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PostScript: Interestingly enough, I remember the day I bought Arcanum. It’s one of the clearest memories I have of my grandfather. It’s also funny because one of my few other really clear memories of him is the time I spent a week with him one summer and I was going crazy for something to read; he gave me a Bible. But gamers and religion are another topic altogether.

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7 responses

  1. And here I thought you were going to talk about the PC game. (hit my username for a link)

  2. Apparently they released a 2nd and 3rd edition of Arcanum. Have you looked into those?

  3. The version I had was the second edition…

    It said so in HUGE letters right on the cover. The two editions were only a year apart and didn’t change that much. I have the whole series of these Atlantis products, and my time playing them was filled with awesome!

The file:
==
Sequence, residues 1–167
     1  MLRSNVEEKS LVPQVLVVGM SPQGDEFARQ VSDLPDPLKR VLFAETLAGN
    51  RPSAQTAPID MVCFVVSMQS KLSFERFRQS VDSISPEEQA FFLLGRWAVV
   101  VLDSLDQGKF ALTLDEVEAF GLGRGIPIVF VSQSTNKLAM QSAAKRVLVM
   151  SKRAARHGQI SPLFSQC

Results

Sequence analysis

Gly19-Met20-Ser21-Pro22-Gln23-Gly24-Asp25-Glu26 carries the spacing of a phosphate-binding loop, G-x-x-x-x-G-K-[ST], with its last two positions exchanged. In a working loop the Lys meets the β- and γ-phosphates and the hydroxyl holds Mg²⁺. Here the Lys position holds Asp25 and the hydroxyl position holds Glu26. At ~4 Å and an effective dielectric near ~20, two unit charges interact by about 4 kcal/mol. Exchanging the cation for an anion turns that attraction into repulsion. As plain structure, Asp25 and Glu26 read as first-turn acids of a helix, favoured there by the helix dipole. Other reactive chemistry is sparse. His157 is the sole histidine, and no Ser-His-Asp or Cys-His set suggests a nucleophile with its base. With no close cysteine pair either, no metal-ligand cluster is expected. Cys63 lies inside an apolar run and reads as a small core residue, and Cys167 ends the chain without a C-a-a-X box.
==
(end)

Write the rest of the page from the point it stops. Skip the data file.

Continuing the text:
I really do need to just say to heck with it and run this again… now I just need some old school gamers.

  4. Perhaps I glossed over this, but I think a very important point of the magic system design I was talking about above is the idea that even though every type of magic using class uses the same exact mechanics, the classes and their magic still manage to feel very different in play.

    I’ve tried to take this to heart as I’ve thought about writing games, and I think it’s one of the things I like about 4E D&D. The mechanics and balance for the classes is nearly the same, but they really do manage to feel different at the table. It’s why, when I see all these silly arguments about “The Runepriest is just a re-flavored Battle Cleric” and such on the D&D forums, I get so frustrated. Yeah, they’re similar, but try it out at the table and it feels very different.